Most of us take water for granted. Fresh drinking water pouring straight from our taps every day. Water everywhere, available to use for washing the car, watering your garden or taking a shower. Everywhere you go, from the doctor’s surgery to the café, they’ll be water.

But there are two problems with this. Number 1; This is a wasteful way to provide water, and number 2: Not everywhere, even in the UK, has this kind of infrastructure and our water infrastructure is aging. Let’s look at both points in turn.

A waste of water

The problem with centralised water treatment is that all water is treated to potable standard and then distributed through networks of pipes to homes, businesses, farms and everywhere in between. Only around 2% of this water is actually drunk. A lot runs down drains and is wasted, much more is used in manufacturing and farming – neither of which needs drinking standard water.

Aqua21 technology enables water to be treated at point-of-use, for whatever that use is. If the water hasn’t been treated, then there is less waste. It still runs into drains, yes, but at least energy, time and money has not been wasted treating it to potable standard for it to fall into that drain.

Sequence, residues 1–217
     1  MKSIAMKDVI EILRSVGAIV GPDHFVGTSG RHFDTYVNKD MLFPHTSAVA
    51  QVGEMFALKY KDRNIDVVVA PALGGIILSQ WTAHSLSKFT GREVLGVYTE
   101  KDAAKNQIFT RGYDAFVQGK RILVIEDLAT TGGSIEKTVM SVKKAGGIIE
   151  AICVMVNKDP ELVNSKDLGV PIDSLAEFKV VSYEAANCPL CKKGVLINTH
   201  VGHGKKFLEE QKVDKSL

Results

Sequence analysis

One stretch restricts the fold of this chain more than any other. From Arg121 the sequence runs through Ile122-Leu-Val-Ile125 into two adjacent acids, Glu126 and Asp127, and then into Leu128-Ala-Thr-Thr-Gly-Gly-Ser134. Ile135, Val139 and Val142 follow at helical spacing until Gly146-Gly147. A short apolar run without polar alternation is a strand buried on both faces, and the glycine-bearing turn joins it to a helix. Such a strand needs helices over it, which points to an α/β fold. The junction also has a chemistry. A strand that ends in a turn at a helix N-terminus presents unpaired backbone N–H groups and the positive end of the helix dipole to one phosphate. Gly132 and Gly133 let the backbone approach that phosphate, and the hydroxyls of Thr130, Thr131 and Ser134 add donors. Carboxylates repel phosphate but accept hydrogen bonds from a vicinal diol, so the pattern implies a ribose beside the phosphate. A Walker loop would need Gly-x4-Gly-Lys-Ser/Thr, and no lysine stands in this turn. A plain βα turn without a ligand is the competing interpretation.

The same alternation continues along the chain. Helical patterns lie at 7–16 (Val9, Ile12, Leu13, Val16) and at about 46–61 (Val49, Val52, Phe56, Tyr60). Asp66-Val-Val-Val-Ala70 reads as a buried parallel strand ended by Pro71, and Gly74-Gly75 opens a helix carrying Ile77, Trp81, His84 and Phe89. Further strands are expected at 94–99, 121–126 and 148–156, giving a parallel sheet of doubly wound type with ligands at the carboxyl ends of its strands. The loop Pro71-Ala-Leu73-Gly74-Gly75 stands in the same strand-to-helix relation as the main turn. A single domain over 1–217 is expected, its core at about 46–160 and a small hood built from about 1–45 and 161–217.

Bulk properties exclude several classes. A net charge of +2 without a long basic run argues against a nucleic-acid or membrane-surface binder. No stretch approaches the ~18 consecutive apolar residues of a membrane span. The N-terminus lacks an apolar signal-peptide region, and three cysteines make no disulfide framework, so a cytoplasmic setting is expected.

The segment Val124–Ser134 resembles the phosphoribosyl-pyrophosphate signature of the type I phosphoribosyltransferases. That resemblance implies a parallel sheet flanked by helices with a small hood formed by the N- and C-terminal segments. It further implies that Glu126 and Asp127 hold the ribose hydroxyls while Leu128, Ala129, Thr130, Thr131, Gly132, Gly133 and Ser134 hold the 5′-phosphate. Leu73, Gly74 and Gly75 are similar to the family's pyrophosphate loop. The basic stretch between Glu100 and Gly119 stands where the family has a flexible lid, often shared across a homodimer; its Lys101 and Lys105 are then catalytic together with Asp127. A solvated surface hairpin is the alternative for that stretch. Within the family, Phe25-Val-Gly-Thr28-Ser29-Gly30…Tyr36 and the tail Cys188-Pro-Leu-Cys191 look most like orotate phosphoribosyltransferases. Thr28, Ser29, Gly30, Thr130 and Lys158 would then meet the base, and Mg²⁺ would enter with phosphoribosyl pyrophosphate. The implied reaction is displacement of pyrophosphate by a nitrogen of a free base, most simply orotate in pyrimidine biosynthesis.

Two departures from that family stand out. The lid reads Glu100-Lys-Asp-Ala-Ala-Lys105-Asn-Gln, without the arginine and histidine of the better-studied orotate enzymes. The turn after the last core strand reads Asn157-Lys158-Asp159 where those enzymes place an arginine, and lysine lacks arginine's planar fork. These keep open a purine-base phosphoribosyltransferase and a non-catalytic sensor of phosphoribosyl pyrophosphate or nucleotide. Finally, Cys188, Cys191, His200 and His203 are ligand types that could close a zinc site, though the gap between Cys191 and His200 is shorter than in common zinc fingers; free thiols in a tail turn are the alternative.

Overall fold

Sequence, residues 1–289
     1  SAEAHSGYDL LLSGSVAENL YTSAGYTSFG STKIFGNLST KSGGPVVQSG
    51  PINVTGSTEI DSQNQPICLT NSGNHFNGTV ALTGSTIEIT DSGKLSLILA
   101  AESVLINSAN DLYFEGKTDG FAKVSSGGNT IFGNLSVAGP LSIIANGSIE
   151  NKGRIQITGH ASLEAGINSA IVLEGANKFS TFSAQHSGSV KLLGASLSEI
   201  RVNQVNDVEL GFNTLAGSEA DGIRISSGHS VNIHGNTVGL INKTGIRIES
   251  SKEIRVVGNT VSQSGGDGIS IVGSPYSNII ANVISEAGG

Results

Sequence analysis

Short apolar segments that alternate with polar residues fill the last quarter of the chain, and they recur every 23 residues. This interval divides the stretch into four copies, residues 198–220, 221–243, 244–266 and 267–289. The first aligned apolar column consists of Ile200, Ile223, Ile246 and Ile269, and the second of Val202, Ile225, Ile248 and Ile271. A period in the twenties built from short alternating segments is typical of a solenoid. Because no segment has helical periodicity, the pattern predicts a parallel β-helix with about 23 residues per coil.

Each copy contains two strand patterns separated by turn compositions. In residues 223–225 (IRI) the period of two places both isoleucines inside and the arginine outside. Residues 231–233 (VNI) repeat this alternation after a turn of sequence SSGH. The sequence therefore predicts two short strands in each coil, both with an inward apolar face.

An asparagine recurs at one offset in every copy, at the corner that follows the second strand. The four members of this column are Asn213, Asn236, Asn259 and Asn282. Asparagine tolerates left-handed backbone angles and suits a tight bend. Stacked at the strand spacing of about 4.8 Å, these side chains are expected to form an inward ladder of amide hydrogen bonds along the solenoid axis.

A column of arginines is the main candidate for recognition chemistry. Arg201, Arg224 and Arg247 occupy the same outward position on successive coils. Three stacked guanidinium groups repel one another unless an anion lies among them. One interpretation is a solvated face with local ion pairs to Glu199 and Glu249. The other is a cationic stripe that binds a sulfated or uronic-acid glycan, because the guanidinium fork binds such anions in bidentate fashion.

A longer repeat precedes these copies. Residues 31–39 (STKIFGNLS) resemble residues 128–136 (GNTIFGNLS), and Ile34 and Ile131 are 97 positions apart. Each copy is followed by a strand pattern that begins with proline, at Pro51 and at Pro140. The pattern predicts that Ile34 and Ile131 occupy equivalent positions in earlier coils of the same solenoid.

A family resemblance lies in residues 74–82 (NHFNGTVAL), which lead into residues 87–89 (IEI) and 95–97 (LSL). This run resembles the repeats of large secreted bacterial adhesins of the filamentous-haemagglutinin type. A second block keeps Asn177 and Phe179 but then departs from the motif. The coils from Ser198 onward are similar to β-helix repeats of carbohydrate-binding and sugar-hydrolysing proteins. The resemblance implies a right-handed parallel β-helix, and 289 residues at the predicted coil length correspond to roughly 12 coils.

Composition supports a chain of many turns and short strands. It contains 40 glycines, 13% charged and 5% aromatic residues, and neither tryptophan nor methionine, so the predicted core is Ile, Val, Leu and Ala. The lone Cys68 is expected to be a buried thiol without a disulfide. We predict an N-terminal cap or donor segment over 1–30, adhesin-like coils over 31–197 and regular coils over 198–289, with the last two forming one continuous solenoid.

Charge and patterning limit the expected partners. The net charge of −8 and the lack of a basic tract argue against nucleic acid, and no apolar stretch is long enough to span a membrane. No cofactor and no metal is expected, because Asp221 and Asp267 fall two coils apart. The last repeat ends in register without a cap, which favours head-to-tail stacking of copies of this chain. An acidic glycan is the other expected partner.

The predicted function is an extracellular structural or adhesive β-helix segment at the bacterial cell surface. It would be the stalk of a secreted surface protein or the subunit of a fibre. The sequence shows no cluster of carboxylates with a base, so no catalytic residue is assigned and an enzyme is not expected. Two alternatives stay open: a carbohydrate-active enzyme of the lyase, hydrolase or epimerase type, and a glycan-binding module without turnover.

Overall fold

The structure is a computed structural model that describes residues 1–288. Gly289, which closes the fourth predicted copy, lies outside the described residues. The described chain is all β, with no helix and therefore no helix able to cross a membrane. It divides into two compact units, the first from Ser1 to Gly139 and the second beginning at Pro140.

Lack of infrastructure

Water infrastructure is old, out-dated and rapidly deteriorating. In March 2017 the government announced £37 million in funding to tackle the UK’s deteriorating infrastructure, which goes to show the scale of the problem. In some isolated areas like islands, they have very simple water supplies in place. To simply say we already have a water treatment system is not adequate – there is a problem and it may not need addressing today but it will in the coming decades – and that is the very near future, because this kind of infrastructure is not easy to replace, nor quick or cheap.

What’s the solution?

This takes us back to our self-healing water network. With Aqua21 technology we can make water ‘talk’. Or, in more technical terms, we can employ smart networks to ensure real-time water analysis and targeted conditioning. These are radio networks, with sensors at the source and at the various user points — sensors that communicate with each other. The system ‘sees’ what each user needs, the contamination levels that need to be addressed, and the distance, time and cost involved. It then automatically responds.

Take, for example, a small system supplying a village, farmhouses, schools and a hospital. The system knows what each user in the supply network needs. Water of one quality for the farm, another to drink at the school, higher levels of ozone to disinfect at the hospital.

It can then ensure that each treatment point supplies the water quality its user needs, when it needs it. It’s a sort of Internet of water.